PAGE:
Republican members of Wisconsin’s Congressional delegation say the indictment of former President Donald Trump is politically motivated and represents the “weaponization” of government.
The comments came within hours of news that Trump would face criminal charges for alleged ties to a hush money payment to a porn star as he ran for president in 2016.
Trump was indicted by a New York grand jury Thursday afternoon. The indictment remains under seal, so it’s unclear what charges the former president may face. But the jury has been investigating a payment of $130,000 from former Trump lawyer Michael Cohen to porn star Stormy Daniels to keep her quiet about an alleged affair with the former president.
Stay informed on the latest news
Sign up for WPR’s email newsletter.
In Dec. 2018, Cohen was sentenced to three years in prison for the payments, with Judge William H. Pauley III calling the crimes a “vertiable smorgasbord of fraudulent conduct.” During sentencing, Cohen apologized in court and said, “I felt it was my duty to cover up his (Trump’s) dirty deeds.”
The grand jury’s decision marks the first time in American history that a former president would face criminal charges.
In a series of tweets, Republicans from Wisconsin blasted the indictment, calling it politically motivated. Some focused on Manhattan District Attorney Alvin Bragg, either directly or indirectly. Republican U.S. Senator Ron Jonson, Thursday, tweeted that “leftists are destroying America.”
With all the problems facing our country — many exacerbated by Radical Left governance — now a George Soros funded D.A. issues a political indictment against a former president.
Leftists are destroying America.— Senator Ron Johnson (@SenRonJohnson) March 30, 2023
“With all the problems facing our country — many exacerbated by Radical Left governance — now a George Soros funded D.A. issues a political indictment against a former president,” Johnson said.
Republican Congressman Scott Fitzgerald, tweeted that Trump’s indictment “is just the latest of the weaponization of government against conservatives.”
“Radical District Attorney Alvin Bragg, who is best known for charging a bodega clerk with murder for defending himself, has largely ignored Congress and abused his office to seek political prosecution of the former President, rather than focus on the rampant violent crimes in his own backyard,” Fitzgerald said.
A tweet Thursday afternoon from Republican Congressman Derrick Van Orden echoed the comments about “weaponization” of government by liberals.
“Their blatant abuse of power is destroying our democracy and should be resoundingly condemned by all Americans who care about the rule of law,” Van Orden said.
Democratic Congressman Mark Pocan was the first of Wisconsin’s congressional delegation to tweet about the indictment, calling it a sign the nation’s “democracy is strong.”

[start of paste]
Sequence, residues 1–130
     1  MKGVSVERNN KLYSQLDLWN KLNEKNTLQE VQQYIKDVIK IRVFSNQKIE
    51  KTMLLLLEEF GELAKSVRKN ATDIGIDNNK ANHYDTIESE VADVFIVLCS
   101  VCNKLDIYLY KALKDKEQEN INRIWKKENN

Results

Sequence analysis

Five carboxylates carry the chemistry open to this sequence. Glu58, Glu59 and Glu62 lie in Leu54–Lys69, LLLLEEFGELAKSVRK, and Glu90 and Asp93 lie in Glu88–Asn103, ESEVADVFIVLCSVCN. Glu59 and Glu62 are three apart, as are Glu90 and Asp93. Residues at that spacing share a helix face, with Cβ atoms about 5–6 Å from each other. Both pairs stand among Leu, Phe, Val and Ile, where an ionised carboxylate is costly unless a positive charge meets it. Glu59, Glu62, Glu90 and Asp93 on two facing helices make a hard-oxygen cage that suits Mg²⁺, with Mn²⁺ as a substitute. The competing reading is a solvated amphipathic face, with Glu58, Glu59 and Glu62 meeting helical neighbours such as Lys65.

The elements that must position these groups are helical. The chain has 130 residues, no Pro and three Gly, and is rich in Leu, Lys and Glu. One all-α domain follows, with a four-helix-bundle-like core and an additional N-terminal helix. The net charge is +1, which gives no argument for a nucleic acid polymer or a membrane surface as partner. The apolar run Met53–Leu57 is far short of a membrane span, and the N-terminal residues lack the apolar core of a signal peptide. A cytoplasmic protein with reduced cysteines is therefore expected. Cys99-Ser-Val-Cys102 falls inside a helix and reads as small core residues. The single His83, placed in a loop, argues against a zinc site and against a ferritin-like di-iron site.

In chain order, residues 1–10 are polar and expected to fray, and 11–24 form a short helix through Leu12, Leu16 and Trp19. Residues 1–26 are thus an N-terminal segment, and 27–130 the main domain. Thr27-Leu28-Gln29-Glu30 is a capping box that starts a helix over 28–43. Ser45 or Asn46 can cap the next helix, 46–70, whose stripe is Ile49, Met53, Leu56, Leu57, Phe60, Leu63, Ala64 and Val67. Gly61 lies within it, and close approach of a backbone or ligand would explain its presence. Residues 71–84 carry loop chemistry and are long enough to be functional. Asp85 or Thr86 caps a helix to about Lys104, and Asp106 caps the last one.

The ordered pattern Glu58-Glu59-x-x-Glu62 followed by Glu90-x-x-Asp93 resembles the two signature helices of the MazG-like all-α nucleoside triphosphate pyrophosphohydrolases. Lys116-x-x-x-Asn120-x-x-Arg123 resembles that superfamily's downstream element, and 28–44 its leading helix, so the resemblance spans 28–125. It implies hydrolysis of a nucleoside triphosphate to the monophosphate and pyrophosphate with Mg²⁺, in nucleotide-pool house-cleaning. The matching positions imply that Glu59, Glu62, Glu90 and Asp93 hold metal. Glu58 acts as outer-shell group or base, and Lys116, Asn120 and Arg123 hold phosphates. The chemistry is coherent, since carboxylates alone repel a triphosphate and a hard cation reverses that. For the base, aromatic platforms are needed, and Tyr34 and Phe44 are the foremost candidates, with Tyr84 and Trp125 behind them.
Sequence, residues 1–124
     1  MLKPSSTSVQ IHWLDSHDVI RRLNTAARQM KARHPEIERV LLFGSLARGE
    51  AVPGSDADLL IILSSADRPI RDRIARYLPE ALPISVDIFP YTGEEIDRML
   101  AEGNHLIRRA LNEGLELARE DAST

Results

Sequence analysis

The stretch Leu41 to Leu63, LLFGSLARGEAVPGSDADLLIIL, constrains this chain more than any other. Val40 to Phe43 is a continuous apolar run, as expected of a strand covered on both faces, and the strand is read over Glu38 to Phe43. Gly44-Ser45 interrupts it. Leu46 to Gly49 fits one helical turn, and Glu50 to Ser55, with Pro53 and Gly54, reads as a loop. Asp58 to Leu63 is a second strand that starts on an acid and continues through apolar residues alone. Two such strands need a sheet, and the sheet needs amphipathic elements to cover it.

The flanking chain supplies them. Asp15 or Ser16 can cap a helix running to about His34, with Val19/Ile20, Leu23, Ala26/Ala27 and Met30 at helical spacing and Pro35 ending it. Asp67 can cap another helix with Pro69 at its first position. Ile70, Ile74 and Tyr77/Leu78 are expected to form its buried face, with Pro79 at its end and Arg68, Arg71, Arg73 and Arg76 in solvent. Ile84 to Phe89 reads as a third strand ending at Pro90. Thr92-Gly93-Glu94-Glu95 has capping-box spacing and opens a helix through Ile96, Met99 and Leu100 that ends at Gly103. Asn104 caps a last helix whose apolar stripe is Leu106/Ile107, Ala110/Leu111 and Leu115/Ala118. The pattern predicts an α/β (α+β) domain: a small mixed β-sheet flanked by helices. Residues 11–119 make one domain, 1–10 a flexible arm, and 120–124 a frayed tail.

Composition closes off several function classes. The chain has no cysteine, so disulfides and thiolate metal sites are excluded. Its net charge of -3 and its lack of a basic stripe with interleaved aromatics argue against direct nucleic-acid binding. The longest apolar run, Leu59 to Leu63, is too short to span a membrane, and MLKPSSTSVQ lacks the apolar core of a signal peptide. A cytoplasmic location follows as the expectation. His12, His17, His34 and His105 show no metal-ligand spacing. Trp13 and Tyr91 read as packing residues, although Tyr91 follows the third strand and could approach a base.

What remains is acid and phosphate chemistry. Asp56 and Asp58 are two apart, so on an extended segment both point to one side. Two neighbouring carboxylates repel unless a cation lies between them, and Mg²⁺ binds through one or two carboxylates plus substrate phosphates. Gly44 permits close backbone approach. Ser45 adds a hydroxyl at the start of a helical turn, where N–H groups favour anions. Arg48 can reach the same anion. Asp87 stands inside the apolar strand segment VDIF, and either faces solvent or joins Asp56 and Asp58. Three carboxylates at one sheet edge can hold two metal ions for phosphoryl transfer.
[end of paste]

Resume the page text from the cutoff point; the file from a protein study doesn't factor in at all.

No one is above the law, not even a former President. That’s a good thing. It means our democracy is strong.— Rep. Mark Pocan (@RepMarkPocan) March 30, 2023
“No one is above the law, not even a former President,” Pocan said. “That’s a good thing.”
In a statement Thursday, Republican Congressman Bryan Steil also focused on Bragg stating his “unprecedented move … raises many questions.”
“To maintain confidence in our system, it is imperative that our justice system be impartial and that all who come before it are treated equally without regard to politics,” Steil said.
A week earlier on March 20, Steil joined two top Republicans in the U.S. House of Representatives in demanding Bragg testify before congress about the investigation and the pending indictment. A letter from Steil, Republican House Judiciary Committee Chairman Jim Jordan of Ohio and House Oversight Committee Chairman James Comer of Kentucky accused brag of preparing to “engage in an unprecedented abuse of prosecutorial authority.”
“This indictment comes after years of your office searching for a basis — any basis — on which to bring charges, ultimately settling on a novel legal theory untested anywhere in the country and one that federal authorities declined to pursue,” the letter said.
In a Friday morning tweet, Republican Congressman Tom Tiffany made similar comments attacking the indictment, calling it “a dangerous effort by the far left” that “should worry every fair-minded American, regardless of political affiliation.”
WPR has reached out to the rest of Wisconsin’s congressional delegation members.
As some Republicans defend Trump and some Democrats celebrate the indictment of the former president, political scientist Mordecai Lee, a professor-emeritus at the University of Milwaukee, told WPR he suspects Trump will use the news to rally his base supporters.
“I think this is not fatal to him,” Lee said. “He’s a survivor. But nonetheless, we have to focus on those few Wisconsinites who are ticket splitters and swing voters. What will they think next week, next month and next year?”
Those ticket splitters in Wisconsin seem nearly extinct, said Lee, with several recent statewide elections decided by around 20,000 and 30,000 votes among millions cast. And since 2010, he said there’s been a transformation in state politics with lawmakers “frozen into their positions.”
“When we look at the kind of social media stuff and statements put out by elected officials from the two parties in the last 24 hours, it really shows us how predictable and locked in the two parties are,” Lee said. “It’s almost like we don’t even need to know what they’re saying because we know what they would say.”
Wisconsin Public Radio, © Copyright 2024, Board of Regents of the University of Wisconsin System and Wisconsin Educational Communications Board.